Don’t be afraid. I know, I know. Blintzes—those are made with crepes, right? And crepes are terrifying to make, right? They rip and burn and act all fussy, and who has time to it in front of the stove and babysit that type of food anyhow? Well, sorry, but no. I mean, yes, blintzes are made of crepes, but whatever fears you may have about crepes need to be shown to the door right now. Crepes are not to be feared.
Truth be told, I think that crepes are not fussy at all, and don’t need to be treated as such, if done right. With a rock-solid recipe for your batter and a nicely buttered pan, you can’t go wrong with making crepes. And if you think they take a lot of time, you’re mistaken. Yes, you have to deal with them on the stove, but with each crepe only taking about a minute to cook—and only on one side, my friends, which means no flipping involved—I’d go do far as to say that crepes are easier to cook then pancakes. Yes, I know, then you need to stuff the crepes. But, look, if you know how to fold a piece of paper (and I am not talking origami folding here, I am talking stuff-a-grocery-list-in-your-pocket style folding), you know how to fold a crepe. I promise you, there is nothing to fear. Plus, with results so delicious, I can’t imagine that any lingering doubts you may have about crepes or blintzes would stick around after your first bite of one of these babies. No, really. They are good enough to erase fear.
It is not often that I look at a food and the most distinctive adjective I can come up with to describe its appearance “cheery,” but that is exactly what happened when I took a look at a plate of these delicious crepes wrapped around a soft pink filling of raspberries, ricotta, and cream cheese. These blintzes, with their brunch-eaten-outside vibe and touches of fresh fruit, made me think of spring, and when enveloped in the sort of grayness that we in the PNW experience throughout the plodding months of the winter and beyond, a tasty little hint of spring is an especially cheery sight to behold.
Last Year: Esquire Pancakes–apparently the end of March makes me think of pancakes and the like.
Raspberry Cheese Blintzes
¼ cup cream cheese, at room temperature
¾ cup ricotta cheese
finely grated zest of 1 lemon
2 tablespoons sugar
1 teaspoon pure vanilla extract
pinch of salt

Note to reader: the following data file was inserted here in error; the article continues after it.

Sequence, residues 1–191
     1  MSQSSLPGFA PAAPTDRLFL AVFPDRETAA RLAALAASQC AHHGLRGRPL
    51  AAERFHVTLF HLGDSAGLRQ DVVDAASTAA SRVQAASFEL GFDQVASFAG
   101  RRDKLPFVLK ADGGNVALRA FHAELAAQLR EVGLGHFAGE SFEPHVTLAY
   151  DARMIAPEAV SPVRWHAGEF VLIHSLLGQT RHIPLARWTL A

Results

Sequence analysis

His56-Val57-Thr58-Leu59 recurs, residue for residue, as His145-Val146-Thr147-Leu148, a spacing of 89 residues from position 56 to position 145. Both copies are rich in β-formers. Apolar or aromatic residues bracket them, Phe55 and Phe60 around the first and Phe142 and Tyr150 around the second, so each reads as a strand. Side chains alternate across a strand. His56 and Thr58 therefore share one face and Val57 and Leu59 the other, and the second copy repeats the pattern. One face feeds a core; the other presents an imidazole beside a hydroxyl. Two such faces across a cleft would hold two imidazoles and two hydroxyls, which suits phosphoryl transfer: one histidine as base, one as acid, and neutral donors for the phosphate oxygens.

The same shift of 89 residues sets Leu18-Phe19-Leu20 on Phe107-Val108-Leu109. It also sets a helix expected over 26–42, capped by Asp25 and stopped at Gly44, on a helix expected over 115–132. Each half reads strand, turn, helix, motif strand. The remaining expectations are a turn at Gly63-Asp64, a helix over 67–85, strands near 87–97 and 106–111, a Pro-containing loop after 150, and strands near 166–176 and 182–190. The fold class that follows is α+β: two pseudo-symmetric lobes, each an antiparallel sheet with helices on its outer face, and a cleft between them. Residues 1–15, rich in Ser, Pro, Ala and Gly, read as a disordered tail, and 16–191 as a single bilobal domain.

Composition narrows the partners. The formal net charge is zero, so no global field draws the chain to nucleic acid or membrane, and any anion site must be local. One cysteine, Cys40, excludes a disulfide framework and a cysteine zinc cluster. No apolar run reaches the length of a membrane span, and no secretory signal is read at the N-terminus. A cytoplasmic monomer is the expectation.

½ cup fresh raspberries
1 cup milk
2 large eggs
1 cup sifted unbleached all-purpose flour
¼ teaspoon salt
4 to 6 tablespoons unsalted butter
To make the cheese filling, combine cheeses, lemon zest, sugar, vanilla, and salt. Whisk thoroughly to combine, until the filling is light and fluffy. Using your hands, break apart the raspberries over the filling, then fold the berries into the mixture.
To make the crepe batter, in a blender, combine milk and eggs, then blend until just combined. Add flour and salt, then blend until smooth, stopping the blender and scraping down the sides if necessary.
Heat an 8-inch or 10-inch skillet over medium-high heat. Add a teaspoon or so of butter to the pan, or just enough butter to coat the bottom of the pan. When the butter has melted pour about 2 tablespoons of batter into the pan, then tilt the pan to coat the bottom as much as possible. Cook the crepe on one side only, until the edges appear dry, about 1 minute. Slide the crepe onto a plate, or remove it to a plate using a flexible spatula. Repeat until all the batter has been used, stacking the finished crepes on top of one another, and adding butter to the pan as needed. Depending on how judiciously you doled out the batter, you’ll end up with anywhere from 9 to 12 crepes.
To make the blintzes, place a heaping tablespoon of the cheese and raspberry mixture onto the center of a crepe. Fold in the sides, then the ends, to encase the cheese and form the crepe into a square.
Heat 1 tablespoon of butter in a medium to large skillet over medium-high heat. As you wrap each blintz, place it in the pan, seam side down, and cook, turning over once, until the blintzes are golden brown on both sides. The blintzes should only take a maximum of about 3 minutes total to finish cooking.
You can serve these blintzes hot, warm, or cold. If you want to make them ahead of time, you can place the fully-cooked then cooled blintzes in the refrigerator overnight (wrapped in airtight plastic), then either reheat them in a pan the next morning using the same skillet-browning method as before, or serve them cold, which I sort of prefer. Serve with extra raspberries, and, if you wish, a small dollop of whipped cream, sour cream, or crème fraiche.